blues influences, Burrell projected an
air of utter sincerity and dedication to
Hot Tuna and Jefferson Airplane co-
founder Jorma Kaukonen, performing
on a steel-string guitar with a pickup,
gave the audience a small sampling of
his repertoire, which he estimates at
more than 700 songs. Specializing in
bluegrass and old-time country blues,
Kaukonen's trademark is his crisp fin-
Saturday's performance included the
Jefferson Airplane signature instrumen-
tal, "Embryonic Journey." The only non-
original piece he performed was a blues
adaptation of a Pete Seger and the Weav-
ers song. Whereas Burrell's blues were
soulful, with ajaunty rhythm, Kaukonen's
were lively and almost upbeat.
Classical guitarist Manuel Barrueco's
repertoire spans from the Baroque to
20th century Spanish music-and then
some. Introducing one song early in his
set, he said that it "will sound like it was
written by Bach or Handel or Scarlatti,
but in fact it's 'Lucy in the Sky with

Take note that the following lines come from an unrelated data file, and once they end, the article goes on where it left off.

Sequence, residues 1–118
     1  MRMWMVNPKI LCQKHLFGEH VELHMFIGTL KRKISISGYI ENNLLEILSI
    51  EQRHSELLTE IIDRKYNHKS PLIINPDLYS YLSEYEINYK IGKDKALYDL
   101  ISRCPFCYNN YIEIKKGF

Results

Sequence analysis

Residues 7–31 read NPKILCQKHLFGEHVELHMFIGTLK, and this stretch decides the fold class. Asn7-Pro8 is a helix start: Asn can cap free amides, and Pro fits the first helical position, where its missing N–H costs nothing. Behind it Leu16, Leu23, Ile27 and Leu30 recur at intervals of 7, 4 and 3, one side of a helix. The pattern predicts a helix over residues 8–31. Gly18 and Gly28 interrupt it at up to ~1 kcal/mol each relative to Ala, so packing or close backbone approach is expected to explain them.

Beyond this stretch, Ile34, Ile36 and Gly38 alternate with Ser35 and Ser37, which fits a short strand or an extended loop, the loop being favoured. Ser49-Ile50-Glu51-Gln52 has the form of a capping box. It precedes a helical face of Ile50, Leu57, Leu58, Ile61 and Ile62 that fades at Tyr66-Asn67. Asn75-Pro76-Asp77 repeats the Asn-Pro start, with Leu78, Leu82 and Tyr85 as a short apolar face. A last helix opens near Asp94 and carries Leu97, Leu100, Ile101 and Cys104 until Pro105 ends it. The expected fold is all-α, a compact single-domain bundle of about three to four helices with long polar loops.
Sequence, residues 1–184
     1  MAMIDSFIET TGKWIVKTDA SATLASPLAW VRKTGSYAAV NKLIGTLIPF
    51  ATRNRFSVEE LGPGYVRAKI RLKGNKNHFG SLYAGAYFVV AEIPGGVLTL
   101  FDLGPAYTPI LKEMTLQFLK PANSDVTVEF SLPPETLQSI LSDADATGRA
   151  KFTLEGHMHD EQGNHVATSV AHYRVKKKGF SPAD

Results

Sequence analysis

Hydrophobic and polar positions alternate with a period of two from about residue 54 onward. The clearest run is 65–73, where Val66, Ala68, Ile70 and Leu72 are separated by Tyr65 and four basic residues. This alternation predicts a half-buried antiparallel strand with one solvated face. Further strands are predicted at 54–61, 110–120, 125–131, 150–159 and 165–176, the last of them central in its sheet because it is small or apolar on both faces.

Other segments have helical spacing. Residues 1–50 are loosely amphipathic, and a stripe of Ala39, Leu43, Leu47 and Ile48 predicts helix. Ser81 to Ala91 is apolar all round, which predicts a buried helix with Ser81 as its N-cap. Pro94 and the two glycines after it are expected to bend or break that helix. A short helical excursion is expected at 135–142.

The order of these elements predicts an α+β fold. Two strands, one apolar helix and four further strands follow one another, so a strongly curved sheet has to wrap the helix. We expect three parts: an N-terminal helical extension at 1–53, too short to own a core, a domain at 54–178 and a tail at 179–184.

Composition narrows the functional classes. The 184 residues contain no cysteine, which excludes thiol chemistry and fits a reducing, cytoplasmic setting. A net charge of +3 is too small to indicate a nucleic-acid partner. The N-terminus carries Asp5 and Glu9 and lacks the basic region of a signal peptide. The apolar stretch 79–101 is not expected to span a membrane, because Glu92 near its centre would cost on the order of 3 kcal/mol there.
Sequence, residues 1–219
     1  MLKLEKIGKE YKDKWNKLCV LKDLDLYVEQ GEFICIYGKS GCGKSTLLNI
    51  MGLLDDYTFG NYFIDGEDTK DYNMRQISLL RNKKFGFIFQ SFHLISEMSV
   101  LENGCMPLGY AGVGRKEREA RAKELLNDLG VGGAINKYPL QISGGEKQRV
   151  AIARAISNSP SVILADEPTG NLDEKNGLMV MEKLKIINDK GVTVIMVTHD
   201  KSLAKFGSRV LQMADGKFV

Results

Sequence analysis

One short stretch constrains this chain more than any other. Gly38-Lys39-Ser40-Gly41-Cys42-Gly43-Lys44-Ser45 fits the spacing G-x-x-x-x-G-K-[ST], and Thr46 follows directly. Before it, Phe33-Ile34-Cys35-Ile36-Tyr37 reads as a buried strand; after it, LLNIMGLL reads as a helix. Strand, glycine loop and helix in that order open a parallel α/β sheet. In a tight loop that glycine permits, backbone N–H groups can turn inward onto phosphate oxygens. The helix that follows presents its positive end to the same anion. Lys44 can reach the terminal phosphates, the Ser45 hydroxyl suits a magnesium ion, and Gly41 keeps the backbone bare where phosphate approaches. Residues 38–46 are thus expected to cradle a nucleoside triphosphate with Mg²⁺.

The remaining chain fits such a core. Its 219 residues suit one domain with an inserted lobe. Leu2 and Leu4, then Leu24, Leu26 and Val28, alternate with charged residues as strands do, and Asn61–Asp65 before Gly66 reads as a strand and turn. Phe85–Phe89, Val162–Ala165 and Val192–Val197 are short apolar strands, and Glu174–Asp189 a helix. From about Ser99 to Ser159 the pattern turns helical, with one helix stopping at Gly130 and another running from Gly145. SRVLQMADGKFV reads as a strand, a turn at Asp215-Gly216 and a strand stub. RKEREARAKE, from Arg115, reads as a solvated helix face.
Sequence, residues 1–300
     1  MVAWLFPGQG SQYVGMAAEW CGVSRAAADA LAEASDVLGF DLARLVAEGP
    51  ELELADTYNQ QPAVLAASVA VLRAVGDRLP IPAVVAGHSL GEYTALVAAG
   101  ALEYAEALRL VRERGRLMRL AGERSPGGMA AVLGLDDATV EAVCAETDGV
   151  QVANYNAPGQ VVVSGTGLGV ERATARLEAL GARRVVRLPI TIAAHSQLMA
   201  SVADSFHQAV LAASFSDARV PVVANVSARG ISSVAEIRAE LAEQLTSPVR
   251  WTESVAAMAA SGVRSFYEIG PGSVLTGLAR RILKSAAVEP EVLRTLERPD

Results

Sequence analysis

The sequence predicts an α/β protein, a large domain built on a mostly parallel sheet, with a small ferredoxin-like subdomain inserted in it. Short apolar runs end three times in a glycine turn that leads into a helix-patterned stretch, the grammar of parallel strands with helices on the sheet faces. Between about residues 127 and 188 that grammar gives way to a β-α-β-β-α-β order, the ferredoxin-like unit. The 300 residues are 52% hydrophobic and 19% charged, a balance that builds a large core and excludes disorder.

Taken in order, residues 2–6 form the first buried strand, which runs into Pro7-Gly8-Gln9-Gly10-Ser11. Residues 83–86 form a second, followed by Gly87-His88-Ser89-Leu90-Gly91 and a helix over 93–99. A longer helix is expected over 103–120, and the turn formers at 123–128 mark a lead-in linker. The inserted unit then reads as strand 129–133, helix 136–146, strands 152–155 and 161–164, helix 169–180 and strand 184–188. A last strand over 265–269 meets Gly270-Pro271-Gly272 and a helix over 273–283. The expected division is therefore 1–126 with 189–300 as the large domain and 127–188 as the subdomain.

Diamonds."' He also played three un-
titled songs by Chick Corea, which,
even though written for children, sound
nothing like Raffi.
Barrueco concluded his set with Isaac
Albeniz's "Asturias," which, despite
having been conceived for the piano, is
now a standard part of the classical
guitar repertoire. In comparison to John
Williams, who performed the same
piece during his appearance at Rackham
in February, Barrueco was more dy-
namic with his use of tempo, but less so
Classical guitarist Manuel Barrueco was a delegate at the "Summit."
Stanley Jordan gave what was for
him a technically very restrained per-
formance - which is to say that he
only played one electric guitar at a
time, and he didn't use his guitar syn-
thesizer. But even this was enough to
utterly astonish the audience.
Jordan plays by tapping the strings
against the fretboard with both hands.
With twice as many fingers to pluck
with, and a gift for improvisation, he
sounds like two or three very talented
guitarists in perfect artistic sync.
Jordan is always captivating to watch,
as he gets very physically involved with
his music. Saturday's performance in-
cluded a 10-minute-plus improvisation
around "Eleanor Rigby," which sounds
less and less like the Beatles every time he